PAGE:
Inspiration instead of pressure

Allow children to be children! Don’t make them prisoners to practice and homework. We all want our children to experience a childhood that they will look back upon and be grateful for!

Have classical music in the background at home and attend concerts. Discover and research music history and interesting facts about famous musicians and composers so your child will be inspired to practice more to achieve their dreams.

Learn together

You are welcome to get a violin for yourself and learn together with your child. If you attend 45-minute lessons your attendance will be at no extra cost. You will be aware that this is a long period of time to concentrate for a little one, so if your child is 5-8 years old, I’m happy to split your lesson into two parts so the parent can receive their own guidance (last half of the lesson) after completing the joint lesson with the child.  Learning violin together with your child will not only be beneficial for your child's home practice, but also strengthen your relationship as you will have one more activity you have in common with your child.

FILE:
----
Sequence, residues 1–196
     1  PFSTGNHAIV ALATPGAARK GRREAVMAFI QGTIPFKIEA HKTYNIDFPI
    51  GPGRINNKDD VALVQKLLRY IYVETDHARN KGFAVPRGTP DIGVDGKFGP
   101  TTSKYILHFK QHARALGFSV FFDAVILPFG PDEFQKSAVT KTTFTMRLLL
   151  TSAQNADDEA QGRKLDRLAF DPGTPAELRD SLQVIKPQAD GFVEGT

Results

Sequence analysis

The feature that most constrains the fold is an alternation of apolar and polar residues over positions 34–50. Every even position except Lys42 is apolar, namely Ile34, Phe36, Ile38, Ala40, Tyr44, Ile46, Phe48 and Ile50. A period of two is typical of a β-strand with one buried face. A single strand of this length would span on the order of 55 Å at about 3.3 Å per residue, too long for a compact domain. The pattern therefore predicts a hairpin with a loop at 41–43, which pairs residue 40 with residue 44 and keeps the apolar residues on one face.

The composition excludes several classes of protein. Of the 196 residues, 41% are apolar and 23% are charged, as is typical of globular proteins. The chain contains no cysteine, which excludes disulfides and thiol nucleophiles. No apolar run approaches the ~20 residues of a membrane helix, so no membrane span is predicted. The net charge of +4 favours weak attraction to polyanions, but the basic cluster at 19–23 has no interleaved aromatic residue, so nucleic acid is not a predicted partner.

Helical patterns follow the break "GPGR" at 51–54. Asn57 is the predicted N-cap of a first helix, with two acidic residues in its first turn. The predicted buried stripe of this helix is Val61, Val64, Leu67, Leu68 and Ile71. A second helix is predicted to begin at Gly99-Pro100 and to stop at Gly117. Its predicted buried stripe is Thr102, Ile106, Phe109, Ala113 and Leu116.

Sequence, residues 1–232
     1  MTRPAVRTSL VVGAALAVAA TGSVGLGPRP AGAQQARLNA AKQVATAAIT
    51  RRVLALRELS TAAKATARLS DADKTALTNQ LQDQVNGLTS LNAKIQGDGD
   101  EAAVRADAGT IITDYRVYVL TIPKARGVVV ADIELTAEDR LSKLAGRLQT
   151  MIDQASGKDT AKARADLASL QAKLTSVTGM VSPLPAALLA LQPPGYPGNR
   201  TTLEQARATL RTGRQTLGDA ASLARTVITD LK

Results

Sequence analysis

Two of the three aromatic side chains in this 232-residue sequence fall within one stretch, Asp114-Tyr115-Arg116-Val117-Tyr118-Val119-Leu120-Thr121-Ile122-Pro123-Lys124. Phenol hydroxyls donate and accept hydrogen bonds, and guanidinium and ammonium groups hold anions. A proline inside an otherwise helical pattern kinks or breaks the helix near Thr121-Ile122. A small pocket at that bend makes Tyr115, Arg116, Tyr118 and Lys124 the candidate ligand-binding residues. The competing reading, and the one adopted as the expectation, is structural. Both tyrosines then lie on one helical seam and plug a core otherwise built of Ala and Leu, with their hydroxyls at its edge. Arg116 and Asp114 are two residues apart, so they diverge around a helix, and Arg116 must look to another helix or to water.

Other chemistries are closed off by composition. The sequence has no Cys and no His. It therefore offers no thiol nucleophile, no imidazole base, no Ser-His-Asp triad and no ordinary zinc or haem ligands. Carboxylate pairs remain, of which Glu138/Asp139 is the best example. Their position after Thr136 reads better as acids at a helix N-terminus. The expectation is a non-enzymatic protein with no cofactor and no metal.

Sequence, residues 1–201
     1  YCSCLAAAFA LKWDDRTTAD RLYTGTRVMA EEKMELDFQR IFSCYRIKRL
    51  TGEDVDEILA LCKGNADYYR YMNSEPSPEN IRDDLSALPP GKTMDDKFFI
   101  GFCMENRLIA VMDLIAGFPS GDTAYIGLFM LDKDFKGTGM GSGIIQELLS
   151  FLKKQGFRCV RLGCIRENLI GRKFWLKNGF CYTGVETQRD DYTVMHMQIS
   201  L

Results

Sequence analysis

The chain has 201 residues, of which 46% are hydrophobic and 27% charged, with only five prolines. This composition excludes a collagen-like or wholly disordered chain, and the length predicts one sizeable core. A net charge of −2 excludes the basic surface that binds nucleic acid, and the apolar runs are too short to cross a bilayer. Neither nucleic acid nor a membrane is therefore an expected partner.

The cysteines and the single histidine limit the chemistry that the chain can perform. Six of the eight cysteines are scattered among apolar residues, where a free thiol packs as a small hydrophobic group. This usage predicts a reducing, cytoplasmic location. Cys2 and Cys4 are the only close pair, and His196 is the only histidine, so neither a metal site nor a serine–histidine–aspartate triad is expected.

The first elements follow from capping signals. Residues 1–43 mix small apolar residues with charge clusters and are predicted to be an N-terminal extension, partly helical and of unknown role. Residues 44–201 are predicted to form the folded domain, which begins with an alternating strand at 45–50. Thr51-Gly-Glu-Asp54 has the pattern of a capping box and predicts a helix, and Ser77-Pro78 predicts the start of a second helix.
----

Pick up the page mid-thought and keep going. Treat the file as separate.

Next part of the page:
Parent support

If your child is aged 5-10, it is expected that you will attend lessons and practise daily with them at home. They will need your help in establishing good posture, maintaining focus for 20-45 minutes of practice, and scaffolding their learning in a way that effectively builds their skill. If your child is still in primary school, they will undoubtedly benefit from some gentle parental oversight in their practising. Once they have developed the necessary organization, self-awareness, and discipline a student will be able to practice fully independently.

Practice area

It is highly recommended to designate a specific area in your home that is reserved for music practice. A dedicated practice area helps your child (and you) focus more fully on your practice time, without other tasks and distractions competing for your attention. The area should be relatively quiet and free from distraction from other family members. Ideally, the area should include just one chair (for you), a music stand and a pen/pencil. Removing comfortable furniture from the practice area will help your child build the discipline to stand during their practice time.